Fall puppy photograph Golden Colorado
Fall puppy photograph Golden Colorado
Woman sitting by the creek in Fall with her dog.
Photo of Bernese mountain dog with owner in the mountains.
Four Dogs Photographed in Colorado Mountains
Woman sitting in the park with her Dachshund
Photo of Cattle dog giving kisses
Bernese Mountain Dog Photographed Outside Denver Colorado
Photo of woman with multiple dogs in mountain field.
Border Collie Dog Photo
Photo of Golden Retriever dog playing in the creek.
Border Collie photo in park with owner
Dog Photo by Clear Creek in Golden Colorado
German Shepherd with owner in the mountains.
Hound mix photo in Golden Colorado
Yorkie dog photo Downtown Denver
Siberian Husky photo in Rocky Mountains

How to build muscle while walking your dog

by Kris Phillips

One of the worst parts about being cooped up in the gym all winter is having to get your sweat on without your favorite four-legged workout buddy! But the long cold winter is finally over and that means it’s time to reunite with your best bud and take your workout outside!

There are LOTs of way to get fit with your pooch. Hiking, jogging, cycling if your pup has the focus for it. But if running’s not your jam, or your dog isn’t a good candidate for it, you’re not outta luck! I have three moves that you can do alone or incorporate into your usual walk or run. These are guaranteed to mix things up, build muscle, and challenge your dog’s focus.

Walking lunges are a great lower-body, core, and even cardio addition to your daily walks. They are challenging for all fitness levels. If you’re just starting your fitness journey, try doing 4 lunges, followed by 4 normal steps. And then up the challenge as you get stronger. Part of what makes them effective is that the motion slows your momentum, forcing you to use more muscle to cover the same ground. This also makes this a versatile move with your dog. If you have a non-athletic dog, walking lunges will allow them to keep up with you. If you have a high energy dog, walking lunges will force them to slow down and focus on your pace.

Squat your dog! Squats primarily train your glutes, and who doesn’t want a great booty?! Butt…if you’ve been doing them for a while, trainers recommend adding resistance for better results. If you’re outside the gym, what better resistance than your four-legged training partner. (I don’t recommend trying this with any two legged partners) How challenging this move is will, of course, depend mostly on your dog. Floki is about 78 lbs as of his last weigh in. If you have a smaller pup, just do more reps. If you’ve never done squats before, make sure you understand how to do them properly before adding any weight. This move will not only give you a great caboose, but could actually save your dogs life. Large dogs in particular get wigged out when someone picks them up if they’re not used to it. If you ever find your dog in need of medical attention, that may be the only way to get them help. Whether you’re in the living room or the back country, you may have to carry your dog to safety. And that is going to be a lot easier if he’s not flailing like a fish outta water. So even if they’re nervous at first, making this move a routine part of your outings will help your dog get comfortable while you get stronger.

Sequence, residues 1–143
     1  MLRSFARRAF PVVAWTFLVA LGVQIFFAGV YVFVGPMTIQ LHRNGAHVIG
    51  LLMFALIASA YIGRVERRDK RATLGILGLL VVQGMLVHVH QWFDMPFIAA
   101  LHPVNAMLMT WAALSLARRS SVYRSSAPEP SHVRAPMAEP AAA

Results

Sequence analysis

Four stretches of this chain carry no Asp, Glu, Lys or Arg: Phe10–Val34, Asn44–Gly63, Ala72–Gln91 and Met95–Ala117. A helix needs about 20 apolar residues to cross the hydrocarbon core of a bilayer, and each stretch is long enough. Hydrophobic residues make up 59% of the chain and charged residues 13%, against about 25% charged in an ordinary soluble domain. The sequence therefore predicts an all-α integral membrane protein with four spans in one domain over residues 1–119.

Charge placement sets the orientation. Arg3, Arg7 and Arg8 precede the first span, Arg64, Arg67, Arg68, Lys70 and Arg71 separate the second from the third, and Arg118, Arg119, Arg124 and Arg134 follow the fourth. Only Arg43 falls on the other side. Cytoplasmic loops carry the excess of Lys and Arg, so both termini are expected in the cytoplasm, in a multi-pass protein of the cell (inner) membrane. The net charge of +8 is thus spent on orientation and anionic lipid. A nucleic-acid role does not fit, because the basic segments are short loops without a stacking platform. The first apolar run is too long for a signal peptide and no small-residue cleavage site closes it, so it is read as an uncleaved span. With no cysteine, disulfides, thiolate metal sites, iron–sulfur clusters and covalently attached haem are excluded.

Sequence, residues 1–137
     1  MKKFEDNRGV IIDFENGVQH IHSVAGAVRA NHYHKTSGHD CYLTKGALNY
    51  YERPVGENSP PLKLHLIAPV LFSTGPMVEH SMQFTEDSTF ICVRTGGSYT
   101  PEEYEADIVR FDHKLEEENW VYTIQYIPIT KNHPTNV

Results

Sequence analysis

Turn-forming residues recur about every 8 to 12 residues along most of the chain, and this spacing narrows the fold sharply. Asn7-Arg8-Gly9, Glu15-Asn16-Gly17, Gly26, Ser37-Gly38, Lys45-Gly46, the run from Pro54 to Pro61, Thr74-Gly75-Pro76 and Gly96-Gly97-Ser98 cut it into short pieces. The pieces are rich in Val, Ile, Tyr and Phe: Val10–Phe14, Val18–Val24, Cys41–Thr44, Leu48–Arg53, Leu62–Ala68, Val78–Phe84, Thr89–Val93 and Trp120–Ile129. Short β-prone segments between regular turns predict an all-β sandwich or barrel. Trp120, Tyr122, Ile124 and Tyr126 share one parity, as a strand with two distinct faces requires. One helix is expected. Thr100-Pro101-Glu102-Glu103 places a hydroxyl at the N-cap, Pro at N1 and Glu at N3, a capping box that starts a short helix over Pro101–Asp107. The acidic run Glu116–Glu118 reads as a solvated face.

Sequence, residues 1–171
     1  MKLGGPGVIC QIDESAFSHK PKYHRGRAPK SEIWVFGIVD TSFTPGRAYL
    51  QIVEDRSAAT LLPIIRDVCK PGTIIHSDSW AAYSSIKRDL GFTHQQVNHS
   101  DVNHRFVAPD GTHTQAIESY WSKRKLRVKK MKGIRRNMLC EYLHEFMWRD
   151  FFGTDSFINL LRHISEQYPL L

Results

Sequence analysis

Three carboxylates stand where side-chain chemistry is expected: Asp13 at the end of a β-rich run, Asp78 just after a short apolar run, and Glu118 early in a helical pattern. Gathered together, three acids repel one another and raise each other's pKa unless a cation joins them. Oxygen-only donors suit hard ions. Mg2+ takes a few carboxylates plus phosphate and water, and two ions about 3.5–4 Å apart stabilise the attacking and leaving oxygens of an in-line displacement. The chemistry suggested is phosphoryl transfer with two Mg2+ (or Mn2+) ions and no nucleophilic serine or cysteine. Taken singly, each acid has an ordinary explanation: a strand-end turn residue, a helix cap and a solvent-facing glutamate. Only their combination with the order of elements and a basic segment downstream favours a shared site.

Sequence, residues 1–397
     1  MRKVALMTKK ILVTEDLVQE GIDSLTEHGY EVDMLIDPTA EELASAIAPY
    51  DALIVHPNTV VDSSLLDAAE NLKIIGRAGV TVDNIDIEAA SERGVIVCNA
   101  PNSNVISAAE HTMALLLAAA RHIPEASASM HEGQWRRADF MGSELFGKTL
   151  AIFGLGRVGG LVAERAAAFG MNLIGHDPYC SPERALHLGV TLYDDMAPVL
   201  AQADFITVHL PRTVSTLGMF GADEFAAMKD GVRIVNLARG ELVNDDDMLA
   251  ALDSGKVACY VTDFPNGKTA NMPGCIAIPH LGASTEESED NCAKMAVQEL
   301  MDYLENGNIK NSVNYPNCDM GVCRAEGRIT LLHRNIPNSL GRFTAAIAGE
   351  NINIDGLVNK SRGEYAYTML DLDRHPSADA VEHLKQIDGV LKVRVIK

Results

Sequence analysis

Sit & Push Up. Teaching your dog to sit & stay is probably one of the most valuable commands they can learn. But it’s hard to find the time for an orchestrated training session. Plus, you want your dog to behave in the real world. Push-ups are a great upper body & core strengthener. And whether you just don’t want to get muddy or you’re not quite strong enough to do them on the ground, using a bench is a great alternative. Ask your dog to sit while you do a set of ten. If they get up ask them to sit again, and start over. And give them a big reward if you actually make it to 10! You can incorporate this move at every bench on your regular jogging trail. If you want the challenge and don’t mind the dirt, try it with regular push-ups in the grass. I bet your dog will find it extra challenging to stay sitting while you lay in the grass. If you’re extra ambitious you could tech them to do puppy push-ups with you! When you push up, your dog sits. When you lower down, your dog lays. And back and forth.

Incorporating your dog into your workout routine will give you a stronger bond and a more fun workout! Just remember to make it a game with lots of praise and treats while your dog figures out the new routine.

** As with any physical endeavor, know your limitation and attempt at your own risk.

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